For all of Rob Pelinka’s misfires on veteran minimum contracts this summer, the Lakers GM hit on one: Malik Monk.
Monk has been the Lakers’ third- or fourth-best player this season, averaging 12.9 points a game, shooting 39.5% from 3, finding a comfort level playing off LeBron James, and being healthy for 65 of the team’s 71 games. He’s been a key part of the Lakers closing lineups for much of the season. Monk is having the best season of his career in Los Angeles.
Monk has played so well it will be difficult for the Lakers to retain the free agent. However, the team wants to keep him and, more importantly, Monk wants to stay, the fifth-year wing out of Kentucky told Dave McMenamin of ESPN.
“The partnership has been a win from both sides,” Pelinka says. “Both for the Lakers, in terms of the productivity he’s had for us and then I think on his side, just showing people what he can do in big moments in big games. … He’s a guy that we would see as hopefully a part of our future.”
“We’re very loyal people,” Marcus [Morris, Malik’s brother and advisor] says. “The Lakers were calling him nonstop once free agency opened. So we don’t forget about that. On the other side, it is a business. … But I would love to see him in a Laker uniform.”
Monk would too. “It’s a beautiful experience, man,” he says. “I love it.”
As Marcus said, this is a business, and that’s where things get tricky for the Lakers.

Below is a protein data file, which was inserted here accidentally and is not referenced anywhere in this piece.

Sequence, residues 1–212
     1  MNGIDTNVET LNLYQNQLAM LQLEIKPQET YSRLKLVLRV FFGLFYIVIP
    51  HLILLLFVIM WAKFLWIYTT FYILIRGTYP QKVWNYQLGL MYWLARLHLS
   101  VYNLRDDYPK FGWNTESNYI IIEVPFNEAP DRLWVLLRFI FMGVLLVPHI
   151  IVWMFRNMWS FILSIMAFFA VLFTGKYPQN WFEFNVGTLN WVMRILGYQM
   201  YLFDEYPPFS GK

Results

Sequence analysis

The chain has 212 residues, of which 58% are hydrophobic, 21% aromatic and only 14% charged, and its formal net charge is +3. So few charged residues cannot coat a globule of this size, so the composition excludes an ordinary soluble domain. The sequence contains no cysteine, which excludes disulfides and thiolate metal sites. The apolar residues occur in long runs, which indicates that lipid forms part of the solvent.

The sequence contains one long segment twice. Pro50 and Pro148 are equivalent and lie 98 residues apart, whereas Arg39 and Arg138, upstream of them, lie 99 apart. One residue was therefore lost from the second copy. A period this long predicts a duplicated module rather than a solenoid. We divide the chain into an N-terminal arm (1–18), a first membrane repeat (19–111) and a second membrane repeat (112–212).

Monk is a free agent this summer after playing on a $1.8 million veteran minimum contract this season. Because it is his first season with the Lakers (there are no Bird rights in play yet), the most the Lakers can offer him next season is 120% of that, or a little under $2.2 million. Monk has outplayed that number and will get larger offers from other teams in free agency.
The Lakers can offer Monk their $6.3 million taxpayer mid-level exception to return. A series of questions come with that idea: Will the Lakers offer it (it limits bringing in another free agent)? Will other teams offer more, such as the standard mid-level exception ($10.3 million)? Is Monk willing to take a discount to stay in Los Angeles? If Monk comes back for one season, after that the Lakers will have his early Bird rights and can then offer up to 105% of the standard mid-level to keep him (likely around $11 million), but that would have Monk betting on something happening a season from now, and in the NBA things can change a lot in a year.
Monk has played well in Los Angeles and shown what he can do in a way he never did (or was given the role to) in Charlotte. There is a strong relationship between Monk and the Lakers now, but whether that will be enough remains to be seen come July.